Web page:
Onchocerciasis, caused by a filarial roundworm Onchocerca volvulus is transmitted to humans by the bite of an infected black fly. The parasite causes eye damage that can lead to blindness and skin disease. Acting under a resolution by the Pan American Health Organization (PAHO), the OEPA, seeks to stop transmission of O. volvulus throughout the endemic countries of Brazil, Colombia, Ecuador, Guatemala, Mexico, and Venezuela by 2012. With one endemic focus, Colombia became the first country in the region to interrupt river blindness transmission in 2007. The Carter Center is the sponsoring agency for the Guatemala-based OEPA, whose partnership includes the six endemic countries, CDC, PAHO, Merck, Bill & Melinda Gates Foundation, and Lions Clubs Foundation International.

River blindness under control in Escuintla, Guatemala

An international team of researchers led by Rodrigo Gonzalez of the Universidad del Valle de Guatemala reports that the transmission of onchocerciasis or river blindness has been broken in Escuintla, Guatemala, one of the largest endemic areas in the Western Hemisphere to date to stop the transmission of the parasitic disease.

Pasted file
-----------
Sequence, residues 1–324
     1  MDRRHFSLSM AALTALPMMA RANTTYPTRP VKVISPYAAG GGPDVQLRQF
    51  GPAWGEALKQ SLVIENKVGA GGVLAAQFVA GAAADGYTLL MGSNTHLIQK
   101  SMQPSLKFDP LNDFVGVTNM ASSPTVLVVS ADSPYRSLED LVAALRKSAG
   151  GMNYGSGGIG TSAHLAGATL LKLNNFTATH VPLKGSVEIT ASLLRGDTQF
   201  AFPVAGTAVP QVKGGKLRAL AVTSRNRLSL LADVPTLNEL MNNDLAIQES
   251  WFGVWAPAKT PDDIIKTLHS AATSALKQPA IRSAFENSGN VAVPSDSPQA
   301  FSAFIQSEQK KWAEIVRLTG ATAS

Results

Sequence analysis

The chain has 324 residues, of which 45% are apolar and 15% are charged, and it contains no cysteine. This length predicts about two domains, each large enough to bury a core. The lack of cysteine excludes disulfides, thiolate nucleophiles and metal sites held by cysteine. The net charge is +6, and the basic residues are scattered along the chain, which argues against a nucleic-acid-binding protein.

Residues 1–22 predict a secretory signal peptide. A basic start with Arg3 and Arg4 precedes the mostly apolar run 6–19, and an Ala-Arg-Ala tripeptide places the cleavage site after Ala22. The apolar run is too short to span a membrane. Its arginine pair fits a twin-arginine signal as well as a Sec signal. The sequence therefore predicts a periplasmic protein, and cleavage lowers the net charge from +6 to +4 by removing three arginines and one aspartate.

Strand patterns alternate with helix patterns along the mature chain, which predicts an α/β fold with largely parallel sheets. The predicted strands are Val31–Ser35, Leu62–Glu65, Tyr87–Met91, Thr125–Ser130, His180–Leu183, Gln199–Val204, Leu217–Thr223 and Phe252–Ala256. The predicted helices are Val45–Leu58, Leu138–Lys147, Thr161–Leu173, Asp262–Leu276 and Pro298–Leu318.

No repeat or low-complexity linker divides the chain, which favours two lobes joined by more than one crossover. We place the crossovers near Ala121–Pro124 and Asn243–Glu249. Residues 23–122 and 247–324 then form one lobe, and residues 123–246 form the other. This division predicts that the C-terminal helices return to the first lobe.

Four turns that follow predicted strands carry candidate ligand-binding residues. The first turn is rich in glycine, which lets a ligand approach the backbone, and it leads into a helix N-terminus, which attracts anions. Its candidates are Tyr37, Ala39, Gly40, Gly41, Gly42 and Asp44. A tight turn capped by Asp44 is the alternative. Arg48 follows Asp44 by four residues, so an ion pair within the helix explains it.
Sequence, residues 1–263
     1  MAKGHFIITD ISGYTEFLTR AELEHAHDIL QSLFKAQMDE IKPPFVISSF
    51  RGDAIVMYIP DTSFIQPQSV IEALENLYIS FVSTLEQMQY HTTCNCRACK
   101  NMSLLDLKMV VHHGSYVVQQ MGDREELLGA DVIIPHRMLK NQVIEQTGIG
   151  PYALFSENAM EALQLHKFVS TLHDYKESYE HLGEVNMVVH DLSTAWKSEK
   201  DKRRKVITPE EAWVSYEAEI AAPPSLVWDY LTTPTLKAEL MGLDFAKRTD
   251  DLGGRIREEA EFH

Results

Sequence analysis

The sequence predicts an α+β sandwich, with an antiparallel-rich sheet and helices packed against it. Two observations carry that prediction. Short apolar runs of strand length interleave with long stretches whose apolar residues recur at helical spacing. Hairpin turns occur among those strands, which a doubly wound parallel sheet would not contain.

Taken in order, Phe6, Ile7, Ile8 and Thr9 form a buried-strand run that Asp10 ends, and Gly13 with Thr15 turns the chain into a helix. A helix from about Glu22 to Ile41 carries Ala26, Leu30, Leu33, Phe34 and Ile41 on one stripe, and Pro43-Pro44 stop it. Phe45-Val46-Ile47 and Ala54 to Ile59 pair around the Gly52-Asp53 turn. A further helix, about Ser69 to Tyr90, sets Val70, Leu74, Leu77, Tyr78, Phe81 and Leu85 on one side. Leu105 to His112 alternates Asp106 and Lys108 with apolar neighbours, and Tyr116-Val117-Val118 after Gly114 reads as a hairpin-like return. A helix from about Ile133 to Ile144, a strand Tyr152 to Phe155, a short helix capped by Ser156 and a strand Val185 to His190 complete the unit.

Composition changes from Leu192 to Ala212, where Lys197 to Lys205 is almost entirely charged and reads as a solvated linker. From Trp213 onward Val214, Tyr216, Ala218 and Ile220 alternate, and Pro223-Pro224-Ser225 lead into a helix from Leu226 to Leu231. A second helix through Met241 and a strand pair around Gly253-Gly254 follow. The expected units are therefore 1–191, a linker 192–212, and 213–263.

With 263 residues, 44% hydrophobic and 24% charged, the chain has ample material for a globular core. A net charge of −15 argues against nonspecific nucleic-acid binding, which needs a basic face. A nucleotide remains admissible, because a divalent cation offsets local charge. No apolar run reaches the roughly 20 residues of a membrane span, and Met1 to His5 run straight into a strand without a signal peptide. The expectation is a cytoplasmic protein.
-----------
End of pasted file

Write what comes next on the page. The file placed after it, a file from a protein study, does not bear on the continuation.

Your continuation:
The findings, which detail the lack of ocular lesions and the absence of infections in school children as well as in the black fly which spreads the disease, are published March 31st in the open-access journal PLoS Neglected Tropical Diseases. Escuintla is now the second of four Guatemalan areas to have stopped the transmission of river blindness.

“In a few short years-with continued hard work and increased political will-river blindness will never threaten the Americas again,” said co-author Frank Richards, MD, of the Carter Center’s River Blindness Program. “Ending transmission in Escuintla is an important victory in the campaign to eliminate this devastating disease.”

To date eight of 13 endemic study areas in Latin America have ended the transmission of the disease, largely through health education and semiannual mass distribution of ivermectin-also known as Mectizan? donated by Merck & Co., Inc.